Co-Expression of Bacterial Aspartate Kinase and Adenylylsulfate Reductase Genes Substantially Increases Sulfur Amino Acid Levels in Transgenic Alfalfa (Medicago sativa L.)

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Date: Feb. 10, 2014
From: PLoS ONE(Vol. 9, Issue 2)
Publisher: Public Library of Science
Document Type: Article
Length: 8,711 words
Lexile Measure: 1350L

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Author(s): Zongyong Tong, Can Xie, Lei Ma, Liping Liu, Yongsheng Jin, Jiangli Dong, Tao Wang *


Alfalfa (Medicago sativa L.) is one of the most important forage crops and is grown throughout the world. As fodder, this crop provides proteins, vitamins, and other minerals to such ruminants as cattle and sheep. Due to the lack of a biosynthetic pathway for methionine, cysteine, lysine, and other essential amino acids (EAAs) in vivo , animals must obtain these EAAs from their diet. Sulfur amino acids (SAAs), mainly methionine and cysteine, are particularly important EAAs, and previous studies have recognized the importance of sulfur in alfalfa [1]. The effects of amino acids in ruminants have been studied [2], and it has been reported that low amounts of SAAs in forage limit wool growth in sheep and milk production and meat quality in cattle [3], [4]. Indeed, quality breeding, particularly to increase the content of SAAs, is the most important aspect of alfalfa engineering.

Compared to traditional breeding methods, transgenic techniques are more efficient for directly manipulating the characteristics of plants, and the transfer of a few sulfur-rich protein genes into plants has been reported using engineering technology [5]-[7]. The SAA levels in transgenic alfalfa were increased via the transformation of the sunflower seed albumin (SSA ) gene, which led to the production of an additional 40 mg of SAAs in the leaves; when these leaves were fed daily to sheep, their wool growth rates were significantly increased [5]. It was also reported that overexpressing sulfur amino acid-rich protein (HNP) [6] and Arabidopsis cystathionine [gamma]-synthase (At CGS) [7] could significantly increase SAAs in transgenic alfalfa. Although this method has led to some success, most of these high-SAA proteins were found to be unstable in the plants [8]-[10]; furthermore, the increase in SAA in the transgenic plants occurred at the expense of other endogenous sulfur-rich proteins or compounds [11], [12].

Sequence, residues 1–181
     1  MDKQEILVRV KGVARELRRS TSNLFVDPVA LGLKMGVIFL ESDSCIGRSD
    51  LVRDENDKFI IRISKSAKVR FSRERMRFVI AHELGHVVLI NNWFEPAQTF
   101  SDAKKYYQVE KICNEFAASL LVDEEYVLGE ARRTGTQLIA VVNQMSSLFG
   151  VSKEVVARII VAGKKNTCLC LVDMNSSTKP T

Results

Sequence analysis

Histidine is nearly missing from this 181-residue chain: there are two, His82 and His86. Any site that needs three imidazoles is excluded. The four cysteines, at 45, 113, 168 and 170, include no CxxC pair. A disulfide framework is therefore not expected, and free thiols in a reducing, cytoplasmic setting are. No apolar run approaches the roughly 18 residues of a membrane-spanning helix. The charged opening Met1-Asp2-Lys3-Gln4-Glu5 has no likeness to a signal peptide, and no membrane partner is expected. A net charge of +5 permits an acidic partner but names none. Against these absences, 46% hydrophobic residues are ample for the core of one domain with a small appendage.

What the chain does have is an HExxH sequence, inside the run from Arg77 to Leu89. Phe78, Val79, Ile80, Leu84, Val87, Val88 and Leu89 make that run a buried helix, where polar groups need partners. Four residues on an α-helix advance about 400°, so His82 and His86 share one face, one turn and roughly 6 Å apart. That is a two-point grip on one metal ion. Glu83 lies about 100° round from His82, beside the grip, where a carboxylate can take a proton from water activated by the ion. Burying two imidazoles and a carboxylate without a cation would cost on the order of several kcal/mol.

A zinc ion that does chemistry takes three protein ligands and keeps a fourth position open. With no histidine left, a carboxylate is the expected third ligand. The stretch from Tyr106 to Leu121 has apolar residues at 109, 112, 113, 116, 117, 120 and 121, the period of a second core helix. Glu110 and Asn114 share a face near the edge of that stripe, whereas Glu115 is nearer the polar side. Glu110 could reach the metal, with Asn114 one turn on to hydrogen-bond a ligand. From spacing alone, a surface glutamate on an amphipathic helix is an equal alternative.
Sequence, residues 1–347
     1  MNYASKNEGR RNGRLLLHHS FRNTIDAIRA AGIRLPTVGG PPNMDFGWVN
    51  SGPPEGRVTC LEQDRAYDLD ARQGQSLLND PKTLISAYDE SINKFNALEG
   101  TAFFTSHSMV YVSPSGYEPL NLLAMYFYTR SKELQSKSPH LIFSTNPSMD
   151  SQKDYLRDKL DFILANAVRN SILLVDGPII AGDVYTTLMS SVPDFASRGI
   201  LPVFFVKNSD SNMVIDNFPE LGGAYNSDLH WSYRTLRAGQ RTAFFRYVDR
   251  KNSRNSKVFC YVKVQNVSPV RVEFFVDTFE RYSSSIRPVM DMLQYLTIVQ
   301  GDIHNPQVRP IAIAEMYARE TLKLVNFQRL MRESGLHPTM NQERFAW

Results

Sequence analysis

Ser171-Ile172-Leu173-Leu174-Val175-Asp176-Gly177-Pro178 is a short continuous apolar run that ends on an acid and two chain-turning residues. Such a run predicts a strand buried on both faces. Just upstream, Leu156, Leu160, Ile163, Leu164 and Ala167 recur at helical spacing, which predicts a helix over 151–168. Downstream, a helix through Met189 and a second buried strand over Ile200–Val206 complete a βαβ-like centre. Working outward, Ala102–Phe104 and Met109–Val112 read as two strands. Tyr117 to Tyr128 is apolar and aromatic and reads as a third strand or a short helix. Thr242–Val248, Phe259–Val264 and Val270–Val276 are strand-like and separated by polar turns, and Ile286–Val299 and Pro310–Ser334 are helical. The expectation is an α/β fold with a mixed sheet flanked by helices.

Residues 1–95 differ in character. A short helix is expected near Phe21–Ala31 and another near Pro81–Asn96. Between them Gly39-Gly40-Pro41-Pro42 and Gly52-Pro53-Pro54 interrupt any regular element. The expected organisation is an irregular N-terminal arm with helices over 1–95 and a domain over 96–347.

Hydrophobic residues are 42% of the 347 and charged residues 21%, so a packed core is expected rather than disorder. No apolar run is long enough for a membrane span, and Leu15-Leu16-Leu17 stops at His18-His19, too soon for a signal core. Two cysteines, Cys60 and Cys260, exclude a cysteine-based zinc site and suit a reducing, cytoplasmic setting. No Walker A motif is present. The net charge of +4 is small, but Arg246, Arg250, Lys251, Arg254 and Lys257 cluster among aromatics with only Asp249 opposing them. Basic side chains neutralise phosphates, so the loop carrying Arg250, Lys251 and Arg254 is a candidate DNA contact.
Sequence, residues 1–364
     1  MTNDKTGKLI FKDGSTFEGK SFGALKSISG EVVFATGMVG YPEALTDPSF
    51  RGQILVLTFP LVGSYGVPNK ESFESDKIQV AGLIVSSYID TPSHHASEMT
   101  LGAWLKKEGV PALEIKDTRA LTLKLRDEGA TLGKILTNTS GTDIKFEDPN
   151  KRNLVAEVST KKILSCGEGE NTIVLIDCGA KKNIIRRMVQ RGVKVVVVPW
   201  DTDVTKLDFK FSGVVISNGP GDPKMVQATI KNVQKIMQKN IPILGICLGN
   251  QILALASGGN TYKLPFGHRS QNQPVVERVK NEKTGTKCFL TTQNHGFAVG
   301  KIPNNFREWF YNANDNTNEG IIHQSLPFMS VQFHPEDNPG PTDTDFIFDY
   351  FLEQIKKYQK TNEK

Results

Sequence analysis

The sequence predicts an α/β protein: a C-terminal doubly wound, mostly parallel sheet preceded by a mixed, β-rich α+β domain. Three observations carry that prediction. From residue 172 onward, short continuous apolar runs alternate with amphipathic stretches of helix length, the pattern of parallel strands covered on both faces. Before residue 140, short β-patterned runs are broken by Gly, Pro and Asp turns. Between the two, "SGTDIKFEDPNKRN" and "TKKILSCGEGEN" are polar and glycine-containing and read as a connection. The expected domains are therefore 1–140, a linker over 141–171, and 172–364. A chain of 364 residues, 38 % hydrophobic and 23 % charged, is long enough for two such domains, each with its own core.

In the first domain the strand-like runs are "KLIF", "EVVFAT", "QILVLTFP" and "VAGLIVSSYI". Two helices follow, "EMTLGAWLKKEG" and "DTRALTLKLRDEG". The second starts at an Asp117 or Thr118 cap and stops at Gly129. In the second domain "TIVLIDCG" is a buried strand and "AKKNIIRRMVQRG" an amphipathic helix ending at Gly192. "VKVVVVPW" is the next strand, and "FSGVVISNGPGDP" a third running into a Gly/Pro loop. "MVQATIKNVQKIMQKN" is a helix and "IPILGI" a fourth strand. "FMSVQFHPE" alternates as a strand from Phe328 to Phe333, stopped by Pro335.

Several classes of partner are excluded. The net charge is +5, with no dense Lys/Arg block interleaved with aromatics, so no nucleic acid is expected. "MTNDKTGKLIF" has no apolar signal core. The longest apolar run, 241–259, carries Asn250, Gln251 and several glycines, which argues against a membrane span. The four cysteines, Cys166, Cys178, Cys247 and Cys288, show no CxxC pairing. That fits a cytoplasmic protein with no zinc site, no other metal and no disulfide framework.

There is an increasing demand for high-protein forage due to the rapid development of the animal industry, and there is a constant need for more effective genes that can enhance desirable characteristics in livestock. Aspartate kinase (AK) catalyzes the phosphorylation of aspartate, forming Asp-phosphate. This phosphorylation is the first step in the aspartate family biosynthesis pathway and is regulated by several feedback inhibition loops in plants [13]. Threonine feedback inhibits the activity of AK-homoserine dehydrogenase [14], whereas lysine negatively regulates the activity of the monofunctional AK isozymes [6], [15], [16]. However, site-directed mutagenesis of AKIII from Escherichia coli was performed to substitute an isoleucine for a threonine at amino acid 352, which reduced the feedback inhibition of AK by lysine [17]. Overexpression of a bacterial feedback-insensitive AK in transgenic plants led to an increase in threonine that was accompanied by a reduction in both aspartate and glutamate; whereas the level of methionine, which diverges from this branch, was not significantly altered [18], [19]. Additionally, the seed-specific expression of a bacterial AK was shown to increase the threonine and methionine levels in the seeds...

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Gale Document Number: GALE|A478816781